‘The Forever Evil’ crossover continues with an interesting side tale in which Cyborg goes to recruit a team to help him fight back against the Crime Syndicate and turns to decidedly youthful Will Magnus, who comes across as far from the sometimes crotchety father figure he was in old continuity. Cyborg needs Magnus’ creations, the Metal Men to assist him, but Magnus refuses and we flash back and see the team’s New 52 origin.
Their origin is much more modern and detailed, based on good ol’ comic book science that though it isn’t real, sounds convincing. What made the Metal Men fan favorites was their distinct personalities, which remain intact, just updated and modernized: Gold is truly a a vain “golden boy”; Tin’s stutter is explained as caused by a impaired vocal programming, but he remains as humbly altruistic as ever; Lead is big and slow both physically and mentally; Iron is the tough guy, coming across like a rowdy college football player/frat boy; the liquid Mercury is elitist and fay; and Platinum of course is flirty and has a crush on Will.
These robots were funded by the military and though they were intended to only be used as explorers to send to locales too dangerous to send humans, that’s not exactly what the military intends to use them for, as they are to be sent to assassinate foreign leaders. But the robots have a mind of their own and escape. A mysterious figure uses Will’s technology to create the team’s famous nemesis Chemo. Unfortunately, just like in the old comics, the heroes don’t survive, sacrificing themselves to stop the threat, but unlike the old comics, Magnus is so devastated by the loss, he vows never to recreate them.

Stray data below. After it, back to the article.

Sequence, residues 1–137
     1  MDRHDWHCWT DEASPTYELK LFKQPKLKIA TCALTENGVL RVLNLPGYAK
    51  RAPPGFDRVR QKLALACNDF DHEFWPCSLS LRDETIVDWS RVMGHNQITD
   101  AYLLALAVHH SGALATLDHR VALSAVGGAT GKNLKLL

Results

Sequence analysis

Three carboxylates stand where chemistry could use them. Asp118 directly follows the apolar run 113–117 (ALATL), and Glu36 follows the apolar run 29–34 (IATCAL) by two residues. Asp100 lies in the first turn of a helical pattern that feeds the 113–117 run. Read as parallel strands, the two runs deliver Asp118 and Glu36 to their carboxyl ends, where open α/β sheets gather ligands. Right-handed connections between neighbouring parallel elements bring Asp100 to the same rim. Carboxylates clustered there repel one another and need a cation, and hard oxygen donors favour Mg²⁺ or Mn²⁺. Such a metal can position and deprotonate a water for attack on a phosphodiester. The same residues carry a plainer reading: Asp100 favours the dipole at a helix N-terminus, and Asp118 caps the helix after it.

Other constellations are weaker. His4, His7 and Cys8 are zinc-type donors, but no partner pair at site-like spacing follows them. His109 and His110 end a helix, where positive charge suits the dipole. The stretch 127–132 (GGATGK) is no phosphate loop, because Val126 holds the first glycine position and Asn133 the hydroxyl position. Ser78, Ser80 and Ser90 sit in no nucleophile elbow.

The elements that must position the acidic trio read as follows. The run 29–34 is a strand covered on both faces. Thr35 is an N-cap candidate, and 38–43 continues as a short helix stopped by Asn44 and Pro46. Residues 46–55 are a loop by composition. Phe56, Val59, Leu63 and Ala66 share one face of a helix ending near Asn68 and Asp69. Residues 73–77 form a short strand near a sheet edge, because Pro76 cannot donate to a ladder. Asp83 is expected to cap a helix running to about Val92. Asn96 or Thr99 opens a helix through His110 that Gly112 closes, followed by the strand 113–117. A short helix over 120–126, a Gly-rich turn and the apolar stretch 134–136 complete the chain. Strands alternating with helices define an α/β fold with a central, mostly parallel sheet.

This reboot was a lot of fun. It was much more faithful to the spirit of the original comics than the recent Shazam! make-over. It retains the spirit of the originals, but updated in a more positive manner for a modern audience. And the designs of the robots was stellar! It makes me want action figures of them!
HOWEVER, ummm… Platinum was already re-introduced, in THIS series, in a story written by Geoff Johns. And her depiction there was pretty much the opposite of the version presented here. But I’m going to trust Johns to reveal the real truth with time.
All in all, though this was a side-story of sorts and didn’t really feature the actual Justice League, which is the main attraction, I found it to be a great fill-in, with excellent as always art by Ivan Reis with Joe Prado and Scott Hanna.
JUSTICE LEAGUE #28
Written by Geoff Johns
Layouts by Ivan Reis
Finishes by Joe Prado and Scott Hanna
Cover by Ivan Reis, Joe Prado and Rod Reis